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At your yearly physical examination, does your doctor spend a lot of time poking around?

Posted Sep 26 2010 11:50pm
Dr. David Rice, a pulmonary and critical care ...

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Back in the good ol’ days, it seems your doctor would always strike your knee with that hammer-like object to check your reflexes.  It was part of the yearly physical examination - about as common as opening your mouth to say, “aahhh.”

Then came high-tech. These days, you may notice your doctor spending extra time pumping numbers and stats into the computer. Should your doctor be spending less time with the mouse and more time probing your body, checking for abnormalities?

National Public Radio has a great story that’s well worth your time to read.

In my case, my doctor knows I have prostate cancer, so he’s focused on my PSA and knows I am under the care of a urologist. He also knows I have had a history of high blood pressure and high cholesterol. Yet, my doctor will take the time to check my throat, glance into my eyes and ears and poke around my stomach and liver areas, looking for potential trouble.  He’ll also listen to my heart to make sure the circulatory system is up to speed.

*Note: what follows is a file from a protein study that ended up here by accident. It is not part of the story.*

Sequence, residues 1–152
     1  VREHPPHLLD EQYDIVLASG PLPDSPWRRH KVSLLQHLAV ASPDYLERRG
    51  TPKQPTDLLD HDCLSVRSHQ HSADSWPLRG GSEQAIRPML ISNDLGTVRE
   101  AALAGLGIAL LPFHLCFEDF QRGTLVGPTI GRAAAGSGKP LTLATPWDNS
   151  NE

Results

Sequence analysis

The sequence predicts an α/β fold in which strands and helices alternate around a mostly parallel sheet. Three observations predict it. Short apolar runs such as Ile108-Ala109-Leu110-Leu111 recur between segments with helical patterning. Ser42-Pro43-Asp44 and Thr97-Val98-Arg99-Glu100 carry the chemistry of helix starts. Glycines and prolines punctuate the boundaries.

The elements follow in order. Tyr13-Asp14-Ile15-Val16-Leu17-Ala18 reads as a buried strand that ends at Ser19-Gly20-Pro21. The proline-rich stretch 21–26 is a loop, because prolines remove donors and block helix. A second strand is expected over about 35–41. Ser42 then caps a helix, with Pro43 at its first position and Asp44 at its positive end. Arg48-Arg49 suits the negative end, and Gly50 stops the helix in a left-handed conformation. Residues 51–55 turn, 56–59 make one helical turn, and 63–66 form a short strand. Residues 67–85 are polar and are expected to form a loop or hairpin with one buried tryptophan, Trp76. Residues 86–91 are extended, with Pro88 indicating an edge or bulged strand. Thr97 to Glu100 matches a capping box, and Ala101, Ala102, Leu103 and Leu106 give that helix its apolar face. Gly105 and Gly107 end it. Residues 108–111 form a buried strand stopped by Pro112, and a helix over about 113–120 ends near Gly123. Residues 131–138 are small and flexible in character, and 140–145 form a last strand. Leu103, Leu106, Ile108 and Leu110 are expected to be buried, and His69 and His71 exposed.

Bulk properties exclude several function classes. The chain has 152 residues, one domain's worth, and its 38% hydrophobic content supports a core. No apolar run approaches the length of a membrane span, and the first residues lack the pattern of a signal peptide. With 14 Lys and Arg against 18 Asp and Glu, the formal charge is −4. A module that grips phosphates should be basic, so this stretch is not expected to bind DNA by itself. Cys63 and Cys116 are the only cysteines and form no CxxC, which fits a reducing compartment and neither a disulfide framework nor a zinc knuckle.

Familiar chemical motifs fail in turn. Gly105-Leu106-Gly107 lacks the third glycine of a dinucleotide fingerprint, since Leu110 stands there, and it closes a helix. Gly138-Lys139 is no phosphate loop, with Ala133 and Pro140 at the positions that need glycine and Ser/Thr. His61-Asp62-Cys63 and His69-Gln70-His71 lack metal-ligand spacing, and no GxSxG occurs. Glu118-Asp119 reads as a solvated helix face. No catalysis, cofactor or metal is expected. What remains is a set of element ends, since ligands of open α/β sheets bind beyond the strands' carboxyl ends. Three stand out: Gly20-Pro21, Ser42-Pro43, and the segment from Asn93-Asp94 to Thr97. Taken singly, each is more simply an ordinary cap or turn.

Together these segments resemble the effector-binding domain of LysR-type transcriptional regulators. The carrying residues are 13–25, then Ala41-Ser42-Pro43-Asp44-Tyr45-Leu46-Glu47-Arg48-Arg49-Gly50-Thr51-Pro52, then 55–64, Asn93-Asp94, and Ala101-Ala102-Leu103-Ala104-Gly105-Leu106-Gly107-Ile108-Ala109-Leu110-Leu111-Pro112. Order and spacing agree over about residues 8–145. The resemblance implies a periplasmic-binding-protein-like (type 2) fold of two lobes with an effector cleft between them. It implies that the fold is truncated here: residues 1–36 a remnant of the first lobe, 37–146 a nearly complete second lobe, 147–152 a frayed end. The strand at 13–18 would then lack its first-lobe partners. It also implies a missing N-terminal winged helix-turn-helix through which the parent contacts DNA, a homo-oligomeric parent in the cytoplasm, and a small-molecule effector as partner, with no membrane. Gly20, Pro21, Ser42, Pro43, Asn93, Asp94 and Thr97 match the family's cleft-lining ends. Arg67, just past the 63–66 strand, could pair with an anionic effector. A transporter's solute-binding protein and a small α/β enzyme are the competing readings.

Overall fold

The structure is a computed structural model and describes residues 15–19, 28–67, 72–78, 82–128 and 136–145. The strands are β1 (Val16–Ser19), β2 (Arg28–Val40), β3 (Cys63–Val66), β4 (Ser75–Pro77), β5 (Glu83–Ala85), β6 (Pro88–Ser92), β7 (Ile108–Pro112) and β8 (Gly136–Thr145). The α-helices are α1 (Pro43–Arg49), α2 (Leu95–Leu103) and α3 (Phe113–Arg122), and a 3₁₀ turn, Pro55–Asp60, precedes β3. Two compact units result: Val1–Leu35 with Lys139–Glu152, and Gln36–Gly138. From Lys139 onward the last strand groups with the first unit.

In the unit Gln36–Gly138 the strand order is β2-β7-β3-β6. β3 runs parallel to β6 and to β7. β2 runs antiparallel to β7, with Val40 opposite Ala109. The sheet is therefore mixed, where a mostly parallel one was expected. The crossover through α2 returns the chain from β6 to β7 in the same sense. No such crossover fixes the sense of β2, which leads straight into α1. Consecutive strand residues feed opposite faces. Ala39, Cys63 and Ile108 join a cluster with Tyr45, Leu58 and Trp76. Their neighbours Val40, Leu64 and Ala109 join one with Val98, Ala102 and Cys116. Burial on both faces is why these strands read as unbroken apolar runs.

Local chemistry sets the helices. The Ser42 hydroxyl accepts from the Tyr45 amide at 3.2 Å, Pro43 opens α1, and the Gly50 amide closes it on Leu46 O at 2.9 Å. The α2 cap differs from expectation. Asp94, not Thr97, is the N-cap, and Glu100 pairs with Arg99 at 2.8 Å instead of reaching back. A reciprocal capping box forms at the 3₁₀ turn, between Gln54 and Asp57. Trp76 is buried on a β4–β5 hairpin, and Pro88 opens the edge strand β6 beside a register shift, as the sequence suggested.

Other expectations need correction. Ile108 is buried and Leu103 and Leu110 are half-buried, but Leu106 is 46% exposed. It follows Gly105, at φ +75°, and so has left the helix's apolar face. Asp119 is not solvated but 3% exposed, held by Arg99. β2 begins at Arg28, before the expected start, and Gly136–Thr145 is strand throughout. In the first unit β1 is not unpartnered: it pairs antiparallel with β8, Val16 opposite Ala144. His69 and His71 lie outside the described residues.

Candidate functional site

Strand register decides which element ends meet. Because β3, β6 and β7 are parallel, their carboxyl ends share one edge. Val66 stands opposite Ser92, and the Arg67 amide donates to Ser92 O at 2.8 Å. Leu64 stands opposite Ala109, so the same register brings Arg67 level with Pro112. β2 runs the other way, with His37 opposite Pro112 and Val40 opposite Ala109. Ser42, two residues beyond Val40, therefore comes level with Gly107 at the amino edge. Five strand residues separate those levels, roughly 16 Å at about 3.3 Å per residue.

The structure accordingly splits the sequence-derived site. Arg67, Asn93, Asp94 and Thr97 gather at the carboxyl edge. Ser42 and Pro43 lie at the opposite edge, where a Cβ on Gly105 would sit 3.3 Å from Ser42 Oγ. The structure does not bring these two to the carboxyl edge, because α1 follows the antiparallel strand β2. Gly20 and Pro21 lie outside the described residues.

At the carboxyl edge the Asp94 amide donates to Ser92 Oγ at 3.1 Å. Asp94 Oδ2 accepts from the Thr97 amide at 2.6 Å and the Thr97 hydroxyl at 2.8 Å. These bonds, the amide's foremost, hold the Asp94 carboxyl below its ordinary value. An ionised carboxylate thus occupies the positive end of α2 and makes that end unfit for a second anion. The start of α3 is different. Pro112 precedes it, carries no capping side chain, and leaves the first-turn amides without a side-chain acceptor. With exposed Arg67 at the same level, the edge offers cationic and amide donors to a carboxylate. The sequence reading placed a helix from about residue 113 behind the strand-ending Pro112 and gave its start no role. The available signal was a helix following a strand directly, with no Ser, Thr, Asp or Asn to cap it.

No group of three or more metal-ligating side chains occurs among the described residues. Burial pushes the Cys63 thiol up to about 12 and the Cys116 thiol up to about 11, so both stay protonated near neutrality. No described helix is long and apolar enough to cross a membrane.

I will admit my doctor rarely uses the rubber reflex hammer on my knees. That’s okay with me.  I never quite understood the idea behind the famed leg tap. If you’re a doctor reading this, let me know.


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